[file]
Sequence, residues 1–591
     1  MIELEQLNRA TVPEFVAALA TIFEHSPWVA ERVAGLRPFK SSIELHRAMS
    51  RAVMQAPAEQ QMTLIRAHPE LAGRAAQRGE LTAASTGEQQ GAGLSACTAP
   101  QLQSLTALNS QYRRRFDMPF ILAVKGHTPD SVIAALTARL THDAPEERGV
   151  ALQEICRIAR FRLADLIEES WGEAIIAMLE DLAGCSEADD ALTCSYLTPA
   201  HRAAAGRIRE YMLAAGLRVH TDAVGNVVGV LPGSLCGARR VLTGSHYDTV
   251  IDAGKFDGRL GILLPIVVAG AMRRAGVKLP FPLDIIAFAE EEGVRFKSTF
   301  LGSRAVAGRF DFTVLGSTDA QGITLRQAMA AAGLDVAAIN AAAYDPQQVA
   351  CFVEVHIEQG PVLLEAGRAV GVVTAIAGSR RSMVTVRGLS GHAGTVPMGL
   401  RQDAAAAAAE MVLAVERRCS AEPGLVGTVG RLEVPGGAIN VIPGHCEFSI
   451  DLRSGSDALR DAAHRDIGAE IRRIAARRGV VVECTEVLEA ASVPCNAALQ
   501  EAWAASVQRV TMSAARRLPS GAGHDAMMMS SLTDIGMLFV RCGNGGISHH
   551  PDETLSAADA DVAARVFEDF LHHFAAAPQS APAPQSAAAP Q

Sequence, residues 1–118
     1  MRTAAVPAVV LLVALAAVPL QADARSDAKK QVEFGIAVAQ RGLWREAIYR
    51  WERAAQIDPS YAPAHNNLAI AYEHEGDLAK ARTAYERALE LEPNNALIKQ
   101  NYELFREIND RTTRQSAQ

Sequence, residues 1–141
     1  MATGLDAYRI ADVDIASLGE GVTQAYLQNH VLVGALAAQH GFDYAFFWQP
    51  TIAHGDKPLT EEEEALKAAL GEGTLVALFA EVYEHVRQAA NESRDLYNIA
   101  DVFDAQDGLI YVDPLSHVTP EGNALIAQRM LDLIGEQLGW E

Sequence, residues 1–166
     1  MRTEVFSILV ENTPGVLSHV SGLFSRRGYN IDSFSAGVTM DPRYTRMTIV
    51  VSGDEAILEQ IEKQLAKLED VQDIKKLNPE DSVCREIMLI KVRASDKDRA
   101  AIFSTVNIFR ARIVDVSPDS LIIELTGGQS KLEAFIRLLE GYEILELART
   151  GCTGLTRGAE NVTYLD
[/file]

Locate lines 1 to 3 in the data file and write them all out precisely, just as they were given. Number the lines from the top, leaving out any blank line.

Sequence, residues 1–591
     1  MIELEQLNRA TVPEFVAALA TIFEHSPWVA ERVAGLRPFK SSIELHRAMS
    51  RAVMQAPAEQ QMTLIRAHPE LAGRAAQRGE LTAASTGEQQ GAGLSACTAP